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DOP056 Pathophysiology of perianal fistulising disease

Siegmund B.1, Feakins R.M.2, Barmias G.3, Coelho Ludvig J.4, Vieira Teixeira F.5, Rogler G.6, Scharl M.*7

1Charite Berlin, Berlin, Germany 2Royal London Hospital, London, United Kingdom 3Ethnikon and Kapodistriakon University of Athens, Athens, Greece 4Santa Isabel Hospital Blumenau, Santa Catarina, Brazil 5Gastrosaude Clinic, Sao Paulo, Brazil 6University Hospital Zürich, Zürich, Switzerland 7University Hospital Zürich, Division of Gastroenterology and Hepatology, Zürich, Switzerland


Fistulae represent a critical clinical complication in Crohn's disease (CD) patients. Up to 50% of CD patients are affected during disease course from fistulas and about one third of patients suffer from recurring fistulae formation. Since medical treatment options often fail, surgical approaches are often needed, however frequently also not successful.


The fifth scientific workshop of the European Crohn's and Colitis Organization (ECCO) focused on the relevance of fistulas in patients with CD. The aim of subgroup II was to obtain a better understanding of the pathophysiological mechanisms underlying the formation of CD fistulas and to identify future topics in fistula research that might support the development of novel therapeutic approaches.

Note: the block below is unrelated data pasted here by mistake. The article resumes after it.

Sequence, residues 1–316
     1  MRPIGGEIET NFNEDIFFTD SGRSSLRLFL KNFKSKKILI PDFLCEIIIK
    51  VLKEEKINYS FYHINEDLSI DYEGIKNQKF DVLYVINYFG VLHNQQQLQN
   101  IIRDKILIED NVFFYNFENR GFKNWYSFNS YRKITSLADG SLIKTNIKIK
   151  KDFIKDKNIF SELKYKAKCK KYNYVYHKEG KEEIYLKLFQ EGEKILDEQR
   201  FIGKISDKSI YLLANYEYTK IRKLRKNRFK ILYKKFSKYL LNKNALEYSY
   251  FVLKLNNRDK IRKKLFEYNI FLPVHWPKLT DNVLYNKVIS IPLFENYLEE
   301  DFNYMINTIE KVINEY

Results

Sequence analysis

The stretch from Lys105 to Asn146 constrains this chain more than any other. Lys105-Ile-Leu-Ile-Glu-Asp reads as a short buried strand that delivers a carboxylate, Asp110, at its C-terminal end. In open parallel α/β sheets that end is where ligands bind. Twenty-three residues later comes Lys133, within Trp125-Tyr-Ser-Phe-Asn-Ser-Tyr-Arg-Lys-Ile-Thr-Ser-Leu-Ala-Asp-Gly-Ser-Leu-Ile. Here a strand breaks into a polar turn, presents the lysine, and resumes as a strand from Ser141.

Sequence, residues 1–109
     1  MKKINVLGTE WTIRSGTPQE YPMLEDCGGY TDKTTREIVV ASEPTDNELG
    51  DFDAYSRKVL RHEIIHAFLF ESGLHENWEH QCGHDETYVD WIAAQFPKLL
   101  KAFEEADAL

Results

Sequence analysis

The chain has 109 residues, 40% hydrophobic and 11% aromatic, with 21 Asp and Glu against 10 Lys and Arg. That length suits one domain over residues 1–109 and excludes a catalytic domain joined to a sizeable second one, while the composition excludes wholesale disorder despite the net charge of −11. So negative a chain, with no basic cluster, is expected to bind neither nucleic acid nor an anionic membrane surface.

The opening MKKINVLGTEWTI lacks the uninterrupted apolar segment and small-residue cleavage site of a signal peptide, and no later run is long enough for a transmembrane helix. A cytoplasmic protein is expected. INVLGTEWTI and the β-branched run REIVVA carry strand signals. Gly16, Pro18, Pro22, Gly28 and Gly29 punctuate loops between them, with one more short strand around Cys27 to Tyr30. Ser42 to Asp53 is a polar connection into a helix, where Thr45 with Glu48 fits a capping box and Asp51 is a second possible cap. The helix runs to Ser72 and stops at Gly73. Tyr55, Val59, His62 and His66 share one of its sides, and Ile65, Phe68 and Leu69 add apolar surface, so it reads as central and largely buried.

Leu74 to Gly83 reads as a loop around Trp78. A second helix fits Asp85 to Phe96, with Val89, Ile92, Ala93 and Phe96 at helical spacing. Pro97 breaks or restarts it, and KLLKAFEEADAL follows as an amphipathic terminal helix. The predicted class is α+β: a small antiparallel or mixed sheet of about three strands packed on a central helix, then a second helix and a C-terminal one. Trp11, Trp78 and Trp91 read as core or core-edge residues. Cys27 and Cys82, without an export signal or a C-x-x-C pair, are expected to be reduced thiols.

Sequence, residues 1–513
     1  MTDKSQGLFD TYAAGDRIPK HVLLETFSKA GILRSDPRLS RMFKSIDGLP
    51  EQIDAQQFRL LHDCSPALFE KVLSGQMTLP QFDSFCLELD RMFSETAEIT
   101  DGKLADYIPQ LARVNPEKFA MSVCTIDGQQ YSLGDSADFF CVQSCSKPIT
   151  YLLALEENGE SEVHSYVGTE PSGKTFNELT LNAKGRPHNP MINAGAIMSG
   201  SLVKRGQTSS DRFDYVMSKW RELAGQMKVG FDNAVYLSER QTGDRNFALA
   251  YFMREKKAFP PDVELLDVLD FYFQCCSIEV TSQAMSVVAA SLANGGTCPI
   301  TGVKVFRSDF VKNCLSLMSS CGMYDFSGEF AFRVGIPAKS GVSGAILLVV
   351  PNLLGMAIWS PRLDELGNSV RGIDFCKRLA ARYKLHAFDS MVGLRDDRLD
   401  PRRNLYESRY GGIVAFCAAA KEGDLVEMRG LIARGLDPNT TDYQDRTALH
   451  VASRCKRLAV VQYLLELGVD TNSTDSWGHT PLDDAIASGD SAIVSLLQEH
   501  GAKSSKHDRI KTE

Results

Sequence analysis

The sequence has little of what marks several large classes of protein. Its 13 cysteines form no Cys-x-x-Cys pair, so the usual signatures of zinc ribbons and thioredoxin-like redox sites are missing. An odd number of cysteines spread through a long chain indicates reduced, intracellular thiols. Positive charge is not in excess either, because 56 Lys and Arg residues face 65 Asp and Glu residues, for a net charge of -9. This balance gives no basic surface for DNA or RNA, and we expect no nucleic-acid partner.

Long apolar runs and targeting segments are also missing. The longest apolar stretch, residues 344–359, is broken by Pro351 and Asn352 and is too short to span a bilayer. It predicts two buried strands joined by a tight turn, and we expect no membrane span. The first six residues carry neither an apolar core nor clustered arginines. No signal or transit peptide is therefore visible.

Current knowledge suggests that CD fistulas develop as a result of a process called epithelial-to-mesenchymal transition (EMT), probably in areas with chronic ongoing inflammation. During EMT, differentiated and resident intestinal epithelial cells (IEC) become dedifferentiated and acquire a mesenchymal phenotype. I particular, IEC downregulate epithelial markers, such as E-cadherin and upregulate the expression of mesenchymal markers, such as vimentin or alpha-SMA. Furthermore, fistula-associated cells acquire markers associated with cell invasiveness what then contributes to the development of invasive fistula tracts. Emerging evidence suggests that a specific immune cell and cytokine profile can be detected around CD fistulas, in examples high expression levels of tumour necrosis factor (TNF), interleukin (IL)-13 and transforming growth factor beta (TGF-beta) what seems to promote onset of EMT and cell invasiveness. Notably, also genetic factors as well as the intestinal microbiota might be involved in fistula development. A major drawback in investigating fistula pathogenesis and in the development of novel fistula therapies is the absence of a suitable animal model.


Current knowledge about fistula pathogenesis is still poor. Future research needs to be directed towards the generation of an in vivo model to allow fistula research in real-life circumstances. The aim would be to identify the driving forces for fistula development, fistula progression and, ideally, fistula closure in vivo. This might critically support the development of new and more effective therapeutic strategies for the treatment of patients suffering from CD fistula.